Et tu, Dampare?

Et tu, Dampare?

Saw the headline on Wednesday: ‘Amenfi East NPP PC arrested over galamsey comment’.


The story was that the police had invited the NPP Parliamentary Candidate in Amenfi East who was recorded inciting illegal miners to beat any security officer who attempted to stop them from doing their work.

News of the arrest gave me no comfort. I am a Ghanaian, and when it comes to dealing with crimes against the political class, especially officials of ruling governments, Ghanaians are like God: we know the end from the beginning. They are saying that the man will be freed. I will return to this topic later. 


For now, I want to spill some ink on the re-arrest and detention of Phillis Naa Koryoo Okunor, National Democratic Congress’ (NDC) parliamentary candidate for the Awutu Senya East Constituency.

My senior colleague journalist, Frank Apeagyei, can tell the number of times I have expressed desire to get the IGP, Dr George Akuffo Dampare, for an interview. I am not the oldest Ghanaian alive, but who in this country ever dreamed that a police headquarters, the type we had known since 1957, could transform into the five-star edifice Dampare has made it?

I did not know what to think when, live on television, he shed tears. That teary conduct earned him a good place in the hearts of 90 per cent-plus Ghanaians. Elsewhere, tears dropping from the eyes of a public officer or seeker for public office is interpreted as a sign of weakness.

In the US, of all places on earth, support for Senator Edmund Muskie, an early favourite to win the Democratic presidential primaries, waned and dipped because on February 26, 1972, newspapers reported that at a public event, he had "tears streaming down his face." That finished him.

Of course, long after he had been thus compelled to bow out of the presidential race, his enemies later acknowledged that the "tears" could have been melting snow! Americans are a different kettle of fish. In Ghana, a public officer in tears will melt hearts. Some people are convinced that there has been no IGP like Dampare.

That bubble has been punctured. His handling of the latest assignment has raised a big question mark over his inherent goodness. I want to believe that the IGP had not read the docket. Why was she being re-arrested after the first arrest and her statement taken by police in the constituency?

In all good conscience, was this lady a criminal? It is alleged that she was carrying an unlicensed gun. It has turned out that the gun was licensed. It is alleged that it was in another person’s name, but it is emerging that the name on the permit had been wrongly spelt, and that the wrong spelling was the fault of the police officer who wrote out the licence.

At any rate, why must someone with a gun she hadn’t used be arrested, re-arrested and detained overnight when only a few years ago, in 2020, another parliamentary candidate, Hawa Koomson, did not only possess a gun, but actually discharged it in a crowded place?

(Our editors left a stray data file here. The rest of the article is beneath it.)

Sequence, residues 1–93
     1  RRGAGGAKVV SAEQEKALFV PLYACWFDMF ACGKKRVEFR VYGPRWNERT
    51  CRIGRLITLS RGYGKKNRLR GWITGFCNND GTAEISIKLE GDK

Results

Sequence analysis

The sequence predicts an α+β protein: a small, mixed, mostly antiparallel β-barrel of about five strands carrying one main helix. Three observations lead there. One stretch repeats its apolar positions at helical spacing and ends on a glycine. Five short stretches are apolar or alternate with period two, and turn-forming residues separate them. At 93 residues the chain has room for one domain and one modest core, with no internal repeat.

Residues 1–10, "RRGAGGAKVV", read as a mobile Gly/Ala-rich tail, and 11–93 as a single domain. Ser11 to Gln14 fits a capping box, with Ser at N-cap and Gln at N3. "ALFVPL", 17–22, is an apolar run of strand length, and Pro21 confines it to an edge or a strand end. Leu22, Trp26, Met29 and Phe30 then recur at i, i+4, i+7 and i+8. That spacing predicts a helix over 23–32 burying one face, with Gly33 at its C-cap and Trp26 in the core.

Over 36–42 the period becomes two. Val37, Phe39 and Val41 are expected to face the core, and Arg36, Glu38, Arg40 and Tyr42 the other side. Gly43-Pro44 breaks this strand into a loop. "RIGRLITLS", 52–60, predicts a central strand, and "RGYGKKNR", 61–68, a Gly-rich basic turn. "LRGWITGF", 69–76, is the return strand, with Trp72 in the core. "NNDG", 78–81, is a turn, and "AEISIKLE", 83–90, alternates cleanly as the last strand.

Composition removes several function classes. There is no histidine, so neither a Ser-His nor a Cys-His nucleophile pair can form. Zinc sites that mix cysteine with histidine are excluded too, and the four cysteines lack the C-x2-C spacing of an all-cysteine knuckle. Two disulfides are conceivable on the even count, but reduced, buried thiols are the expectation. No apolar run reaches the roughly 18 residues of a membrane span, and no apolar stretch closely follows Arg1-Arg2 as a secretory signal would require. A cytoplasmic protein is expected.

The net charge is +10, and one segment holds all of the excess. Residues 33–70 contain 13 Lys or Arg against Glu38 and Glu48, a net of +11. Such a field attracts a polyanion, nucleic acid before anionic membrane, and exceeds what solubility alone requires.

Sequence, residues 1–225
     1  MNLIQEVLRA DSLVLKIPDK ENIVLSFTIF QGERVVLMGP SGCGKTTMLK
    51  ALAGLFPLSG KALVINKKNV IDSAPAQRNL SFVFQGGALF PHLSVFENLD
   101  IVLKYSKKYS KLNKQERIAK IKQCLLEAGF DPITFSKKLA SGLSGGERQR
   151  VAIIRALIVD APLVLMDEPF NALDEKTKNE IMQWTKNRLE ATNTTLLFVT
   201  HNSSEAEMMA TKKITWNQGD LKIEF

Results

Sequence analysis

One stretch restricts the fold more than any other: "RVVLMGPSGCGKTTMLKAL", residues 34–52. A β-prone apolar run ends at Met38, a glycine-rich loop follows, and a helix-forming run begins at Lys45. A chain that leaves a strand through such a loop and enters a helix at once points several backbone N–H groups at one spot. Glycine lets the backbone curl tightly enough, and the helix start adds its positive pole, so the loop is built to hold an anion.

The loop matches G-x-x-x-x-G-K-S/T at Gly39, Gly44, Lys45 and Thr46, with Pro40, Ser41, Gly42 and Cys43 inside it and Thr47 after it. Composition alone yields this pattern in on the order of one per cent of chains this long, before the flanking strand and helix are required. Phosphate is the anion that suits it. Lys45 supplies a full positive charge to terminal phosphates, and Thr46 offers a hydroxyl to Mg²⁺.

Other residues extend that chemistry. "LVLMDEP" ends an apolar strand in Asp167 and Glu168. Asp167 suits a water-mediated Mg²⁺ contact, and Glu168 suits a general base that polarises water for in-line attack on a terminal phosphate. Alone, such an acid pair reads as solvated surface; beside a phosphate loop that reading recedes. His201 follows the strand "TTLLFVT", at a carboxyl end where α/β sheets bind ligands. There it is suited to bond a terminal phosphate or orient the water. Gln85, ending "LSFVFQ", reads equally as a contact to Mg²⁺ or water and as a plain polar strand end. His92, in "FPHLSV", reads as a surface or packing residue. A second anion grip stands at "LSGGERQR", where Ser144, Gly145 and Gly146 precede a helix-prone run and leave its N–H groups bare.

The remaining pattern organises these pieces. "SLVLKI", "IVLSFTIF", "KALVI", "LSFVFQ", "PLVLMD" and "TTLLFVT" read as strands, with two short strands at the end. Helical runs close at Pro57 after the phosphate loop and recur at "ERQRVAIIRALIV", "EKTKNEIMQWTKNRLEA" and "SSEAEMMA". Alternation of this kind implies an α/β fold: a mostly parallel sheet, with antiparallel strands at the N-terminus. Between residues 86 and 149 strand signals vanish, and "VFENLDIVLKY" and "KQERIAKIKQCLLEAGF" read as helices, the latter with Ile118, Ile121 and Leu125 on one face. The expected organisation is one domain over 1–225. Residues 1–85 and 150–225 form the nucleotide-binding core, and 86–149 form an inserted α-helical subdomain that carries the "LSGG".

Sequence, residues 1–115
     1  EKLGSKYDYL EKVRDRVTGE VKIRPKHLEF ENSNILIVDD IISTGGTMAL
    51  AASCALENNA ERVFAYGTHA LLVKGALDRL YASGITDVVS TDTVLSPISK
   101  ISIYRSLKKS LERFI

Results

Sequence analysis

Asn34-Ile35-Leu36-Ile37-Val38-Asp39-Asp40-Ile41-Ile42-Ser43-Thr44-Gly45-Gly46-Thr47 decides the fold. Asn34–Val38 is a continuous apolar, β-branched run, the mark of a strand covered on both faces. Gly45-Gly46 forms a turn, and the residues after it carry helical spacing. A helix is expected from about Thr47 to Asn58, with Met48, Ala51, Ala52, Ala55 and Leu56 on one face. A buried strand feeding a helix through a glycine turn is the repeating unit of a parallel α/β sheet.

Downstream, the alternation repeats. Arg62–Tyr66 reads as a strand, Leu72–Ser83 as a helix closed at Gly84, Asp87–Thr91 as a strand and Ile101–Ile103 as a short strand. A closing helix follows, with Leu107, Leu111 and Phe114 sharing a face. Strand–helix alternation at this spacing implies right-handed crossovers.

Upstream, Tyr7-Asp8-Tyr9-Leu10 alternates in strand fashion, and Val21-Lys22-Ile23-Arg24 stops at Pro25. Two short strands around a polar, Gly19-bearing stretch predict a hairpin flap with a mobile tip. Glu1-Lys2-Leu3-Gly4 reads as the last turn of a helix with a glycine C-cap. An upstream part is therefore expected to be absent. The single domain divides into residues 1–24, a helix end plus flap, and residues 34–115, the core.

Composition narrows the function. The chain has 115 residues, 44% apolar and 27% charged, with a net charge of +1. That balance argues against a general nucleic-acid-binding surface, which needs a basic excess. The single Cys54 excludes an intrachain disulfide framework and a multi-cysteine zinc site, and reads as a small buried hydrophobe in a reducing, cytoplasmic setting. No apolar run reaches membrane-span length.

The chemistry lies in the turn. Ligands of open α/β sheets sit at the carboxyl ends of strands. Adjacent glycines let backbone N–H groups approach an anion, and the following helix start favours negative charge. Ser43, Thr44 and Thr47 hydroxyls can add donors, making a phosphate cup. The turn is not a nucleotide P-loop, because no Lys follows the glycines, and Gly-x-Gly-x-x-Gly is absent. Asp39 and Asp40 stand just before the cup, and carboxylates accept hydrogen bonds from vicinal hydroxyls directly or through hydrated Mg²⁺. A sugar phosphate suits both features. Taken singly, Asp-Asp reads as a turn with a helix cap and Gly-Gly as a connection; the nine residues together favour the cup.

How many minutes did Hawa Koomson spend at the police station when she was invited? Is the IGP aware that there is a popular song which is an eulogy to Dampare’s greatness as an IGP?

He stands the danger of losing all this love. The handling of this assignment gives the man in the street the unavoidable feeling that “Dampare is not different, after all”.  Why should a great officer like him lose such beautiful credentials just to please political power?


Once upon a time, in the mid-1960s, a civilian Minister of Information in the National Liberation Council military government resigned because the military Head of State, General Ankrah, sacked the Editors of Ghanaian Times and Daily Graphic.

He resigned because he felt it was wrong to fire an editor for only doing their work. Dampare is a chartered accountant holding a PhD. He completed his ACCA in 1996 aged 25. He holds two Master of Science degrees in Accounting and Finance and Business Systems.

Would he starve if he resigned today on principle? Most importantly, can he look Jesus Christ or the Holy Spirit in the eyes come Sunday?
Now back to the story of the arrested Amenfi East NPP PC.  

Hear him: “We (NPP) have cancelled Operation Galamstop and the soldiers who have been tormenting you. So, officially, neither the military nor any security operative currently wields the power to stop anyone from engaging in illegal mining.”

Present was the Western Regional Minister, Kwabena Okyere Darko Mensah. All because an election is coming up and NPP must not lose in Galamsey constituencies as they did in 2000. When I heard Bawumia promise that “we will not burn your Galamsey equipment”, I knew that it had come to the wire!

Akufo-Addo’s appointees have soon forgotten that by taking power in their own hands, galamseyers killed Major Mahama. In a confrontation between officials of AngloGold Ashanti and galamseyers on an AGA concession on February 6, 2016, John Owusu, a communication strategist with the company, was killed. It’s a shame. 

The writer is Executive Director,
Centre for Communication and Culture.
E-mail: [email protected]


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